• An on-site eco-compatible waste plant
  • Eco Points spread across the site, both indoors and outdoors, allowing the public to recycle items including plastic cups, PET, glass, aluminum, paper/cardboard, and items to be incinerated
  • Prevention and information for the public, in partnership with the Summit Foundation, to promote eco-friendly measures

For it’s second year, in addition to financial support, Alpiq is providing practical energy efficiency solutions for the Hospitality Garden, the festival’s VIP area.  With the installation of a photovoltaic system and energy-saving LED lighting, this technology is to be extended in future to the entire festival infrastructure.

Hospitality Area...

Hospitality Area...

Audio Production...

Audio Production...

The audio trailers were also in this area. There were two audio trucks and two video trucks.   The Montreux Jazz Festival has been recording their video in HD since 1991. Back then, HD was seen as ridiculous.  Now Funky Claude just sits back and smiles with his awesome video while everyone begs for it.  The entire festival is recorded live and there has been 5000 hours of tape recorded.  As an artist playing the festival, you have to be OK with being taped. Don’t worry, you get a free copy of your show! Marvin Gaye refused to be taped until he went to Funky Claude’s personal home and saw the quality of the HD video.  Only then did Marvin agree to be taped.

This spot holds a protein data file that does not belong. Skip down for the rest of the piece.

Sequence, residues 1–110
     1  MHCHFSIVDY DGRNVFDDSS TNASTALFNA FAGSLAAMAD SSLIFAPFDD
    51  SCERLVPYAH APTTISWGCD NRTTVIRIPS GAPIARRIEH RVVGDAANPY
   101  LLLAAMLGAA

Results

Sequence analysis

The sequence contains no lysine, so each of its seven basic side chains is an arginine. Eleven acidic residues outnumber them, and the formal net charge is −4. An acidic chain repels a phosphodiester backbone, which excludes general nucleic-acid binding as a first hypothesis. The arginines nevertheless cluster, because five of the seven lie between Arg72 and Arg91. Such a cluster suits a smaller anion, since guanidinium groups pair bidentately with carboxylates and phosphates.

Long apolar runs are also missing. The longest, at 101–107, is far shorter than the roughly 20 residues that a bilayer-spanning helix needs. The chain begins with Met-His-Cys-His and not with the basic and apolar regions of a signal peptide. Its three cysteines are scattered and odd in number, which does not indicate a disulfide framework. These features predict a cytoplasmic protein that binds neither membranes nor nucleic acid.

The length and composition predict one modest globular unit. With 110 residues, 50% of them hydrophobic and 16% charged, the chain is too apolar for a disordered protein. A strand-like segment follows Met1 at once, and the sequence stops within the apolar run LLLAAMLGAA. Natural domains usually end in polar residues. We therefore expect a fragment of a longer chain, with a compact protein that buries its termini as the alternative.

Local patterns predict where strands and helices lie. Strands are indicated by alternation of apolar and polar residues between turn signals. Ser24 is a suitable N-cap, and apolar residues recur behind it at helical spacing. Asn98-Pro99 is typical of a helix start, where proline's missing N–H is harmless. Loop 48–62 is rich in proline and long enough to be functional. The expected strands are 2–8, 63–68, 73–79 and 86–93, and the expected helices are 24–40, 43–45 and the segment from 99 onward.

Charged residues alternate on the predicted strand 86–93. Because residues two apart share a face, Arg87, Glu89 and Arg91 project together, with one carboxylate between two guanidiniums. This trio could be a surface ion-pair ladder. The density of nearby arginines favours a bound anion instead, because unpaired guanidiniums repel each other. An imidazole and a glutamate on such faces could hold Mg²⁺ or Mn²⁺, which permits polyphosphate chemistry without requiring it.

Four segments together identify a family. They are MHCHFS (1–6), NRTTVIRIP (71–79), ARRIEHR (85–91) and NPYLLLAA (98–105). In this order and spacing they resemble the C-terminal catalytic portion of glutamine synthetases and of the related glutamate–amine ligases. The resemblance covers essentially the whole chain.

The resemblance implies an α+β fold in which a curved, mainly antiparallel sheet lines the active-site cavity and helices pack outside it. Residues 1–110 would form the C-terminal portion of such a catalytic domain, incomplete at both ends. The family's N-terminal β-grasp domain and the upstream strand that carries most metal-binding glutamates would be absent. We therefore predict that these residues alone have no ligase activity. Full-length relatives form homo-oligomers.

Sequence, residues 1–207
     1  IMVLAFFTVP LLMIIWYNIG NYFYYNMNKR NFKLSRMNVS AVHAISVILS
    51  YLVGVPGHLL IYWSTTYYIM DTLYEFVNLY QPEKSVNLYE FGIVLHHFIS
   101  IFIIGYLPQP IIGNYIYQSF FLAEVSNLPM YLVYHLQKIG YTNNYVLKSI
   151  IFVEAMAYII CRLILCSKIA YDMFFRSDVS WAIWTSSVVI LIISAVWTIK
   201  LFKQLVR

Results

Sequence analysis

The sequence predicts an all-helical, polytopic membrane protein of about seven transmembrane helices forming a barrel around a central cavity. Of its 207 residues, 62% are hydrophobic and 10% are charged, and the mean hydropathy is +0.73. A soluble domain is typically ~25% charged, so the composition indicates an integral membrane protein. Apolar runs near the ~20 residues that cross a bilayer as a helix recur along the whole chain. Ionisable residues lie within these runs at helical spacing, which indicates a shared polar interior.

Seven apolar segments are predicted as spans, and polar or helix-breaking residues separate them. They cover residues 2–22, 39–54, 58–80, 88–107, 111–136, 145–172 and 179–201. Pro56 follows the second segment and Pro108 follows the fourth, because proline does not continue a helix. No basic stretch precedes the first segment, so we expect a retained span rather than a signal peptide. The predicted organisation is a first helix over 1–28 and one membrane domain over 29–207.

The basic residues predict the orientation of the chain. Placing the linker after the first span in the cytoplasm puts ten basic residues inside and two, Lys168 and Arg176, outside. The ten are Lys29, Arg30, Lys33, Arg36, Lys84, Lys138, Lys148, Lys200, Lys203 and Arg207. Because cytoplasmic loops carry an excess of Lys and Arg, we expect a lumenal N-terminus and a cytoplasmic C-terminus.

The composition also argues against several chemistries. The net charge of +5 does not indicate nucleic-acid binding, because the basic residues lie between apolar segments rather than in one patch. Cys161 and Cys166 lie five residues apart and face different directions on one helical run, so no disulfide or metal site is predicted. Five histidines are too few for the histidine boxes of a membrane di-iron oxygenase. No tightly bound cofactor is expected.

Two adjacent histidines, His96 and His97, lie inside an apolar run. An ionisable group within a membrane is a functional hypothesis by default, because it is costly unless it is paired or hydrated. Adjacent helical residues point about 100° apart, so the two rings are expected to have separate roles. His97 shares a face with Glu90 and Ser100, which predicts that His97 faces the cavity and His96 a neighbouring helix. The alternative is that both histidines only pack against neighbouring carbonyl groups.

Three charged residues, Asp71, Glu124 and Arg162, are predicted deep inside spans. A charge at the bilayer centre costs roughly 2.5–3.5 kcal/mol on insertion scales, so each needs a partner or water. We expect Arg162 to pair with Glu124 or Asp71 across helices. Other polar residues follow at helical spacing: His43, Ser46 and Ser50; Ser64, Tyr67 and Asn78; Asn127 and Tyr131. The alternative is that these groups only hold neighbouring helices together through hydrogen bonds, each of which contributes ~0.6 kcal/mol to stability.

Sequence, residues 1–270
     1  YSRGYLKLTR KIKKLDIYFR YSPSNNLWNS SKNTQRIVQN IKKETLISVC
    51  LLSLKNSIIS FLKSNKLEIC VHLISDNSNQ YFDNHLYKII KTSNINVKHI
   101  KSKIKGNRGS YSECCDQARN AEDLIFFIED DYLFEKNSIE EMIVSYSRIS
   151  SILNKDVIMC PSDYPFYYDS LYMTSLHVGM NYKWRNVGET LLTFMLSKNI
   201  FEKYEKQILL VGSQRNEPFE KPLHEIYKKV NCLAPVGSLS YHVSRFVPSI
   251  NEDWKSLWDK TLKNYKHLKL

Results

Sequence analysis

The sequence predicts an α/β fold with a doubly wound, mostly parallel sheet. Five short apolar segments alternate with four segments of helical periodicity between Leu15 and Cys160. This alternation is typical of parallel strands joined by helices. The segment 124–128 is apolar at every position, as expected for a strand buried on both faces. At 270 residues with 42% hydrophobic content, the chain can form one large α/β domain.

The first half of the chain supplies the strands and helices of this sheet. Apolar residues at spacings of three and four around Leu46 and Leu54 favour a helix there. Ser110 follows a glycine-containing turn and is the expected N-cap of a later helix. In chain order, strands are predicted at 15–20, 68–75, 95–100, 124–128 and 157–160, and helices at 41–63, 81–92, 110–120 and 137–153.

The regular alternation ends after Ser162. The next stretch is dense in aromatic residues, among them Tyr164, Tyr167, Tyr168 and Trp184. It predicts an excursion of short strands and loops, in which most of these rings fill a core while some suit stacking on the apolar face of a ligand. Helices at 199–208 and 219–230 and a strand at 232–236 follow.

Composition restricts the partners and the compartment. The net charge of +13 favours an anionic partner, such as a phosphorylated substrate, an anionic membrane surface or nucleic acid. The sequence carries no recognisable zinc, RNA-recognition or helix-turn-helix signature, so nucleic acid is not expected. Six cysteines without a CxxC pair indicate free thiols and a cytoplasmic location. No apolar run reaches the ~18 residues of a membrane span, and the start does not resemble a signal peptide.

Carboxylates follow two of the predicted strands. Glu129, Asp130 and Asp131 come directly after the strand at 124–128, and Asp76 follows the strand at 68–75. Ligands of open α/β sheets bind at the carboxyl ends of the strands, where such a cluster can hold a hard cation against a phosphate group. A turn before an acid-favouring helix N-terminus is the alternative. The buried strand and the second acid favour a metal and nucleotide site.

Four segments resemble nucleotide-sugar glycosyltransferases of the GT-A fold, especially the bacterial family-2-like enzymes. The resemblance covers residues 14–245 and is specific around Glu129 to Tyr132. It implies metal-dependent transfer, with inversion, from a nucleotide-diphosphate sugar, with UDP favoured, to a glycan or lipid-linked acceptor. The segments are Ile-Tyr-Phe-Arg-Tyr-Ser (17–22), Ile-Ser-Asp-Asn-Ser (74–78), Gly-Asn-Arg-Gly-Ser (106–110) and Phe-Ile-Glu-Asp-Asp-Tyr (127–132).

The fest is staffed with 1200 volunteers who are mostly students who make little in wages so many stay with someone they know or travel in from the outer towns.    There were perks for them throughout the festival. Food was a 15% off price, there was a masseuse backstage for cheap whenever they needed to relax, they were allowed to see music days on end for free, sometimes lucky ones, or not lucky, were allowed to work for the artists!